“Oh!” I remembered to ask Theo about the event he hosted the day before. “How was the mac and cheese contest?”
“It was awesome! Why didn’t you enter?”
“I was busy with pie, duh.”
“Right. Well, it was really fantastic. Amazing mac and cheese. But.. oh my gosh,” he said ominously. “The girl I was interested in entered…”
“It was terrible. TERRIBLE.”
“Is that a deal breaker?”
“I don’t know! Maybe…”
Because we had Ford with us, Lena panicked about getting in the car and getting home before the storm bore down on us in earnest.
We braved the rain, ran through the puddles and dodged droplets on the way back to the car.
Lena dropped me off in front of my house and I was back to where I was at 7am, just as exhausted as I was when I got up that morning only a little less confident. An idea I had of starting a pie business seemed a little less attainable at that point.
My phone rang. It was Brett.
“Hey. Where are you?” He asked.
“At home. Where are you?”
“At the pie contest. Why aren’t you here?”
“I was there earlier, but I didn’t advance so I went home.”
“Oh. I’m sorry,” he weakly consoled.
“Meh. There’s always next year,” quoting every Cubs fan ever.
I ended the conversation and looking at the leftover apple filling that was glaring at me on the counter, I decided to make an apple crisp. Though I’m not wild about apple pie, I can’t resist apple crisp. Or any crisp for that matter. Unfortunately, the contest doesn’t allow crisps or betties or anything but a double-crust pie. Frankly, if I was to eat an apple pie, this is what it would be:
- 7 oz pastry flour
- 1/2 tsp salt
- 1 TB granulated sugar
- 2 oz cold unsalted butter (or shortening), cut into pieces
- 1 oz shortening, cut into pieces
- 1 TB cold bacon fat
- 1 oz cold water
Combine dry ingredients and mix well in a food processor. Add cold butter. I like to put the mixture in the freezer for a while before I continue.
Pulse until mixture forms pea-sized chunks. Add cold water, one tablespoon at a time until dough forms (you may not use it all).
Form two discs (or one if you’re doing a single-crust 9” pie). Wrap in plastic and refrigerate for at least one hour. Dough must be used within two days — trust me when I say dough older than that (even if it’s been frozen) can ruin a pie.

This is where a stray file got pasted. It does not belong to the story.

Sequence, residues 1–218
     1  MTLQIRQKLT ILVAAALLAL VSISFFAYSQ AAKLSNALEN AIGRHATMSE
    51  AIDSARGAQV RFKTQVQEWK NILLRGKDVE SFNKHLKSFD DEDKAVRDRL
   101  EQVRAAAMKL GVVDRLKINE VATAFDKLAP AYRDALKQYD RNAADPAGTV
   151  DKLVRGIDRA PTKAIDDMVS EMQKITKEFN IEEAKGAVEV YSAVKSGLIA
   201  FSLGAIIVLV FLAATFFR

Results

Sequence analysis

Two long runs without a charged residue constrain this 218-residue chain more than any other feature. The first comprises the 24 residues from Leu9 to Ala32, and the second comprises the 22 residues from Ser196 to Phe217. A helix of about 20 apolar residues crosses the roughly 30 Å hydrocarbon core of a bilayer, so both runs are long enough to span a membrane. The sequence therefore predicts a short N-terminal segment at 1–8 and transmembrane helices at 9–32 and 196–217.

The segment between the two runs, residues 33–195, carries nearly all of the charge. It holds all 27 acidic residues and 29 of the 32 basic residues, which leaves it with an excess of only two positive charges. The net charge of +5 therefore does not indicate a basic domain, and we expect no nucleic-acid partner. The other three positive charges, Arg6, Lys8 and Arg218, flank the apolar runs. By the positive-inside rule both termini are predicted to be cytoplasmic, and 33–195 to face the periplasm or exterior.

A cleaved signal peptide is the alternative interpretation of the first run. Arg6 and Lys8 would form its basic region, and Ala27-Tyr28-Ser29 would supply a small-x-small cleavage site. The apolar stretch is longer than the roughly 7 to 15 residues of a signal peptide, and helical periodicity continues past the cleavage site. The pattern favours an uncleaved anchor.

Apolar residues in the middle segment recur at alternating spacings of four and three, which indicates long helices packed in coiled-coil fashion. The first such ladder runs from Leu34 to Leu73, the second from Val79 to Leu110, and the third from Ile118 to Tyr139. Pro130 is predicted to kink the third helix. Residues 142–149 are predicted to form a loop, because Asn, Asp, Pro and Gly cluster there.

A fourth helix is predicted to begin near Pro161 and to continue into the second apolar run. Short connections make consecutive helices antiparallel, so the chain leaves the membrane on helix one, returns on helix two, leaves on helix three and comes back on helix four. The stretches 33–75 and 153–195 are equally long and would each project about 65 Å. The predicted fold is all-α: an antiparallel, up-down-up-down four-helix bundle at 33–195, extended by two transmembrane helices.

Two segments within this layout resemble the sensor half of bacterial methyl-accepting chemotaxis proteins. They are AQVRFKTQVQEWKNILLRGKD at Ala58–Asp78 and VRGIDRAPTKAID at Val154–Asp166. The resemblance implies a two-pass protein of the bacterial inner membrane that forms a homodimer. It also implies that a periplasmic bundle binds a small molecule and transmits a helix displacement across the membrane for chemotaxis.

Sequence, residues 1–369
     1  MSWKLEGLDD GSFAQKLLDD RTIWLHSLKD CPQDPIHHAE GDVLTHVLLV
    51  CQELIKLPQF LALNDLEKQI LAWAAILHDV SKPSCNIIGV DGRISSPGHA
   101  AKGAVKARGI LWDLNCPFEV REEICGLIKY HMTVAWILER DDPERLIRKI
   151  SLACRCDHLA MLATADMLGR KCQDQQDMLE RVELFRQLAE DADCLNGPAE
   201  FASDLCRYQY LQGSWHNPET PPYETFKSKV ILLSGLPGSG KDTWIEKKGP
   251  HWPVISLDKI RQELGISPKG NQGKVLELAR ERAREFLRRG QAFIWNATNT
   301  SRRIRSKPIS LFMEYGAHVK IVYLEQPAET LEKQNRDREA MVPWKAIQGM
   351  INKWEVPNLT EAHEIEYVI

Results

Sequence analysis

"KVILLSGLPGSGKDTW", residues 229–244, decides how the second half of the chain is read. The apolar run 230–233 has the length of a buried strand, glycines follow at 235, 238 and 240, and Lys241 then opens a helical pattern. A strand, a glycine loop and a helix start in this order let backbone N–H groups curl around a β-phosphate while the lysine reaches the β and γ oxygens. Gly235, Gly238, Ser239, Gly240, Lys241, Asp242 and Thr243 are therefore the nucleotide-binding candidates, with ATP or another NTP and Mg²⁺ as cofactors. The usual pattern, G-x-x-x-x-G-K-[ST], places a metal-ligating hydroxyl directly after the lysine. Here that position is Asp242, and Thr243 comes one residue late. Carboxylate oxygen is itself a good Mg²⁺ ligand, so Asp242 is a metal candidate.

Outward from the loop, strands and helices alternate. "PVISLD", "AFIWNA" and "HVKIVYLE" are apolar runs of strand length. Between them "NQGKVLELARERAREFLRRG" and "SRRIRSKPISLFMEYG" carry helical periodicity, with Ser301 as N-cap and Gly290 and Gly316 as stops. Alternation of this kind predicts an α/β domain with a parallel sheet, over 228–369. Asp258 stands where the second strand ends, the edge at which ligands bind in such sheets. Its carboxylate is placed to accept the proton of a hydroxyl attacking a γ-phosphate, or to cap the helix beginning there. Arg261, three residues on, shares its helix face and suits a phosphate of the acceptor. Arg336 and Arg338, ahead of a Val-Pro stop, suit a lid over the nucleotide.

- 1 Granny Smith apple, peeled, cored and cut into ½ inch slices
- 1 Honey Crisp apple, cored and cut into ½ inch slices
- 1 TB butter
- 1 TB sugar (for cooking)
- ½ tsp corn starch and ½ tsp water to form slurry
- ¼ tsp lemon juice
- pinch salt
Melt butter in pan over medium high heat.
Add granny smith apples.
Add sugar (draws out the water) and pinch of salt.
Occasionally stirring, cook until apples are slightly soft.
Add Honey Crisp apples. Stir in slurry.
When all the apples are soft but not mushy, remove from heat, add lemon juice and let cool.
- ½ cup granulated sugar
- ¼ cup butter
- 2 TB cinnamon
- ¼ cup flour
- ¼ cup rolled oats
- pinch salt
Combine ingredients and work through using your hands until it becomes something like wet sand with oatmeal.
Use half of mixture to mix with apples.
Roll out one disc and fit into 4.5” pie pan (I like ‘em small; I live alone so I can’t eat a whole 9” pie — if I’m making a single crust pie, I can make two tiny pies, keep one and I can give away the other).
Spoon apple mixture into crust-lined pie pan. Top with remaining half of oat-sugar mixture.
Trim the edges. Fold them in toward the pie and pinch. Crimp edges and place in the freezer for 30 minutes or more.
Preheat oven to 375F.
Remove pie from freezer. Using wide strips of aluminum foil, cover only the edges of the pie so they don’t burn.
Place in the preheated oven for 15 minutes. Remove foil. Lower heat to 325F. Bake until the filling bubbles (about 30 minutes).
Tip: for a crispy bottom, use a pizza stone as a platform in the oven.
Serves 1-2 people.
I didn’t plan to enter the contest the following year, but if I did, this is the pie I would enter. Screw traditional.